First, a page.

Seamless Conjunctiva and AM-UC Graft Integration Helps Minimize Tube Exposure

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Study says amniotic membrane-umbilical cord (AM-UC) tissue offers an alternative to pericardium for safe and stable tube shunt coverage

By Mohamed S. Sayed, MD 

During the past 10 years, we have seen increasing utilization of glaucoma drainage devices (GDDs) by glaucoma surgeons in the management of uncontrolled glaucoma, thanks, in part, to the results of the Tube Versus Trabeculectomy (TVT) study.1 The incorporation of tube shunt surgery earlier on in the surgical treatment paradigm has likely helped reduce the incidence of trabeculectomy-associated complications, such as hypotony and bleb-related complications. I see this first-hand in my practice, as I get numerous surgical referrals of glaucoma patients who need revisional surgery or a primary operation for uncontrolled glaucoma. Although the recent introduction of minimally invasive glaucoma surgery (MIGS) has rendered surgical treatment of glaucoma simpler, less time-consuming, and relatively safer for many patients, I still typically perform between 5 and 10 tube shunt surgeries per week for patients with advanced glaucoma.

Although tube shunt surgery is generally successful in preventing the progression to blindness that can occur in patients with glaucoma, it is still associated with significant complications that can’t be ignored, including motility disturbances, corneal endothelial cell loss, and tube exposure.2 

The TVT study demonstrated that the rate of tube erosion or exposure was 5% at 5 years.3 A retrospective review found that a history of concomitant ocular surgery, at the time of the tube’s placement, as well as a history of smoking, dry eye disease, or pseudoexfoliation, might also predispose a patient to tube exposure.4 A more recent study5 suggested that younger age and inflammation may be significant risk factors for tube exposure after drainage implant surgery, as well. 

Tube Exposure and Patch Grafts
Tube exposure is a serious postoperative complication that increases the risk of sight-threatening intraocular endophthalmitis.6,7 I’m always on the lookout for new and better ways to perform tube shunt surgery to minimize this complication. 

Allogenic patch grafts made of sclera, pericardium, and cornea reduce the rate of tube exposure, but they are associated with progressive thinning and silent melt, which may be due to immune-related processes.8-10 Amniotic membrane (AM) tissue, and buccal mucosal membrane,11,12 are useful when primary conjunctival closure is precluded by significant scarring or melting.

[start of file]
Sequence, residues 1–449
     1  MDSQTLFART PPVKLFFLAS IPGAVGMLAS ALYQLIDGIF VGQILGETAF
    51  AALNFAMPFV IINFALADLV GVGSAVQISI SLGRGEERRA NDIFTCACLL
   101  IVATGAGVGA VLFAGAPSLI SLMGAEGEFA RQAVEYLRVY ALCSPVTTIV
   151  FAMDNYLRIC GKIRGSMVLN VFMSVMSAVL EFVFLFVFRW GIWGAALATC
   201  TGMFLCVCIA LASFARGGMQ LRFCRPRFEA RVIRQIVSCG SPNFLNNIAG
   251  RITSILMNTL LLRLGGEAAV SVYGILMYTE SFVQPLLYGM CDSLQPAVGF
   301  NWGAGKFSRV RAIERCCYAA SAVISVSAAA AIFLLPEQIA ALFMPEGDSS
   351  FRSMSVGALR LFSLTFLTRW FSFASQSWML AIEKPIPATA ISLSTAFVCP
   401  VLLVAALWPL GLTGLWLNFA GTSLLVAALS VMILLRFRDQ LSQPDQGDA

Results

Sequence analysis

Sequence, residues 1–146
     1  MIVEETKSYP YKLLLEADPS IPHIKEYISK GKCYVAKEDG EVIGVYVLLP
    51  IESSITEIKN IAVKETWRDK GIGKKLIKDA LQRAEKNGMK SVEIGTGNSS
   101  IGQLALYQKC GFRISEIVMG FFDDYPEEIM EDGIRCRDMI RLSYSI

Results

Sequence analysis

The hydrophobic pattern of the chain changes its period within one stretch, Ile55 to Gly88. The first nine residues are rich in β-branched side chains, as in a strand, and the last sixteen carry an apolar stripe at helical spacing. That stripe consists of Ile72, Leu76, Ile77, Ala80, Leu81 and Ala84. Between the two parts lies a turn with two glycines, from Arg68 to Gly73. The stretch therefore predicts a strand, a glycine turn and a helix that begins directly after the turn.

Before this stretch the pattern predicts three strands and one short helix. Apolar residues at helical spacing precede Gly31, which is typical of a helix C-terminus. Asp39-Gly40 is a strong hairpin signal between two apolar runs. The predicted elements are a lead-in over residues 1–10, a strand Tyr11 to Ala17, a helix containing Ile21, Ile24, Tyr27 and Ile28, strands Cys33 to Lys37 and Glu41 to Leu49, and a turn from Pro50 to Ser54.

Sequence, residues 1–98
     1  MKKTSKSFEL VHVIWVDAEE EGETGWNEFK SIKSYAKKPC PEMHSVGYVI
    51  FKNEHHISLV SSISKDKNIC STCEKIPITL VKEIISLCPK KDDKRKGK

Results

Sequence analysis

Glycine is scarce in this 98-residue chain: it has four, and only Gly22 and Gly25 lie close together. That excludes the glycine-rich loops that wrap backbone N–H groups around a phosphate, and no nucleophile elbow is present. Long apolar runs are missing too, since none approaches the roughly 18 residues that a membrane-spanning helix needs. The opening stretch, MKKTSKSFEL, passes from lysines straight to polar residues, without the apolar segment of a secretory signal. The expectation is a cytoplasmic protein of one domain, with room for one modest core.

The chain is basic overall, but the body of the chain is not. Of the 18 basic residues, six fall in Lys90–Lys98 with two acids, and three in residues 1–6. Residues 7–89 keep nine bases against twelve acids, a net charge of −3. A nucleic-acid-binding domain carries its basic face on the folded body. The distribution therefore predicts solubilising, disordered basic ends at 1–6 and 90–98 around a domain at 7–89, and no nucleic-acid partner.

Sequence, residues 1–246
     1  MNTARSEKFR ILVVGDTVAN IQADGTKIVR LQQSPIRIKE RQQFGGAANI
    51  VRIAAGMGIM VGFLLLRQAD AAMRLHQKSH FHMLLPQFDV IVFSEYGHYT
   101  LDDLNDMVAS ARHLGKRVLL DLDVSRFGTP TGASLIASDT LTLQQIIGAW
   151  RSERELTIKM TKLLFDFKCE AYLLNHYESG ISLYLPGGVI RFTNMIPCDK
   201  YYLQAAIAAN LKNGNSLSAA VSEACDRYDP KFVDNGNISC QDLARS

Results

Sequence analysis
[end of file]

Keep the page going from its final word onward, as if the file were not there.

Investigators suspected that graft thinning might be the result of poor host-tissue integration. Prior research demonstrated the short-term safety and efficacy of a 300- mm thick AM, harvested from the amniotic sac near the umbilical cord (UC).13  

In that study, tube exposure rate was 2.3%, and anterior segment OCT demonstrated a well-integrated conjunctiva-AM bilayer that maintained its thickness over time. Hence, we theorized that a thicker version of AM, with high tensile strength and low immunogenicity, might provide good tectonic support and avert immune-related graft thinning and melting.14

To ascertain whether our theories were valid, we initiated a randomized study to compare the long-term safety and efficacy of AM umbilical cord (AM-UC) tissue with pericardium patch grafts to reduce glaucoma shunt tube exposure.15 The study group received a single layer of AM-UC (Amnioguard; BioTissue, Miami, FL) and the control group received pericardium (Tutoplast; IOP, Costa Mesa, CA) patch graft. The thickness of both AM-UC and pericardium ranged from 400 mm to 500 mm. 

A total of 81 eyes of 81 patients (50 women, 31 men) with a mean age of 67 underwent GGD implantation using Baerveldt (72 patients) or Ahmed valve (9 patients). Tubes were covered with AM-UC (41 patients) or pericardium (40 patients), and follow-up time ranged from 13 to 40 months. Tube exposure occurred in 1 eye in the AM-UC group 3 months post-operatively, and in 2 eyes in the pericardium group at 2 and 6 months postoperatively. Sequential anterior segment OCT showed better host-tissue integration and significantly less graft thinning in the AM-UC group. Early graft thinning – at or before 3 months – occurred in 5 eyes in the AM-UC group, and in 17 eyes in the pericardium group. Late graft thinning occurred in 2 eyes in the AM-UC group and in 11 eyes in the pericardium group. No evidence of graft rejection or infection was associated with the patch grafts in either group.

The study results demonstrated the long-term safety and efficacy of AM-UC tissue in reducing tube exposure and graft thinning. The anterior segment OCT findings support our hypotheses that AM-UC tissue not only may provide strong tectonic support and avert the possible immune-related graft melting but also could promote improved host-tissue integration to prolong graft survival. 

Amniotic Membrane Advantages